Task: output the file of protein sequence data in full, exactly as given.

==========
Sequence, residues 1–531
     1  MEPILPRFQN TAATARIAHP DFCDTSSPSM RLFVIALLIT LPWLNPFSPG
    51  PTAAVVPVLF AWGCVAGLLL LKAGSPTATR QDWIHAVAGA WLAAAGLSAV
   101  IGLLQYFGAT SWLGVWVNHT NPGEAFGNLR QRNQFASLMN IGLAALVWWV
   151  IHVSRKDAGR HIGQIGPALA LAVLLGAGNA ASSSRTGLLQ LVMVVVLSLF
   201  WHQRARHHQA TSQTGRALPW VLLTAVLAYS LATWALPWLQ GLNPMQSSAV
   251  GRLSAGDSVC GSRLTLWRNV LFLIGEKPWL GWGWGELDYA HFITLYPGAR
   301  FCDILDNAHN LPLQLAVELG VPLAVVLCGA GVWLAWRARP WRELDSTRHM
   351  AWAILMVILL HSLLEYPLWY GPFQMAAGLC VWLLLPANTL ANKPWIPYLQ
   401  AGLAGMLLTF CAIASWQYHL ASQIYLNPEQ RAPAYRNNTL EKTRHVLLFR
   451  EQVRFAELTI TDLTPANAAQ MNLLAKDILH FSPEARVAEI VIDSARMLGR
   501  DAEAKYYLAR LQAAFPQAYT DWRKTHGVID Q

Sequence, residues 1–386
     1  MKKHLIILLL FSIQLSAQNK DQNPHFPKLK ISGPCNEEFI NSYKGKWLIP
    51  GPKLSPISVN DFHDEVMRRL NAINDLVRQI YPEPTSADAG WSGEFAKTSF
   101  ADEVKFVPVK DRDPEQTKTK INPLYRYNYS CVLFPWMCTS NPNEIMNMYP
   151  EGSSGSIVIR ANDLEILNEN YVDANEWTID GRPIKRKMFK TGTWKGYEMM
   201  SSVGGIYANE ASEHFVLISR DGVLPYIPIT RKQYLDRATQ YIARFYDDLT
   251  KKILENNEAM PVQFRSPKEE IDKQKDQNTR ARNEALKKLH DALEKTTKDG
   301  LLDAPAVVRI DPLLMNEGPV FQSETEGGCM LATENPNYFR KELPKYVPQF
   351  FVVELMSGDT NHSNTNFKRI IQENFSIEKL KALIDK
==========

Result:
Sequence, residues 1–531
     1  MEPILPRFQN TAATARIAHP DFCDTSSPSM RLFVIALLIT LPWLNPFSPG
    51  PTAAVVPVLF AWGCVAGLLL LKAGSPTATR QDWIHAVAGA WLAAAGLSAV
   101  IGLLQYFGAT SWLGVWVNHT NPGEAFGNLR QRNQFASLMN IGLAALVWWV
   151  IHVSRKDAGR HIGQIGPALA LAVLLGAGNA ASSSRTGLLQ LVMVVVLSLF
   201  WHQRARHHQA TSQTGRALPW VLLTAVLAYS LATWALPWLQ GLNPMQSSAV
   251  GRLSAGDSVC GSRLTLWRNV LFLIGEKPWL GWGWGELDYA HFITLYPGAR
   301  FCDILDNAHN LPLQLAVELG VPLAVVLCGA GVWLAWRARP WRELDSTRHM
   351  AWAILMVILL HSLLEYPLWY GPFQMAAGLC VWLLLPANTL ANKPWIPYLQ
   401  AGLAGMLLTF CAIASWQYHL ASQIYLNPEQ RAPAYRNNTL EKTRHVLLFR
   451  EQVRFAELTI TDLTPANAAQ MNLLAKDILH FSPEARVAEI VIDSARMLGR
   501  DAEAKYYLAR LQAAFPQAYT DWRKTHGVID Q

Sequence, residues 1–386
     1  MKKHLIILLL FSIQLSAQNK DQNPHFPKLK ISGPCNEEFI NSYKGKWLIP
    51  GPKLSPISVN DFHDEVMRRL NAINDLVRQI YPEPTSADAG WSGEFAKTSF
   101  ADEVKFVPVK DRDPEQTKTK INPLYRYNYS CVLFPWMCTS NPNEIMNMYP
   151  EGSSGSIVIR ANDLEILNEN YVDANEWTID GRPIKRKMFK TGTWKGYEMM
   201  SSVGGIYANE ASEHFVLISR DGVLPYIPIT RKQYLDRATQ YIARFYDDLT
   251  KKILENNEAM PVQFRSPKEE IDKQKDQNTR ARNEALKKLH DALEKTTKDG
   301  LLDAPAVVRI DPLLMNEGPV FQSETEGGCM LATENPNYFR KELPKYVPQF
   351  FVVELMSGDT NHSNTNFKRI IQENFSIEKL KALIDK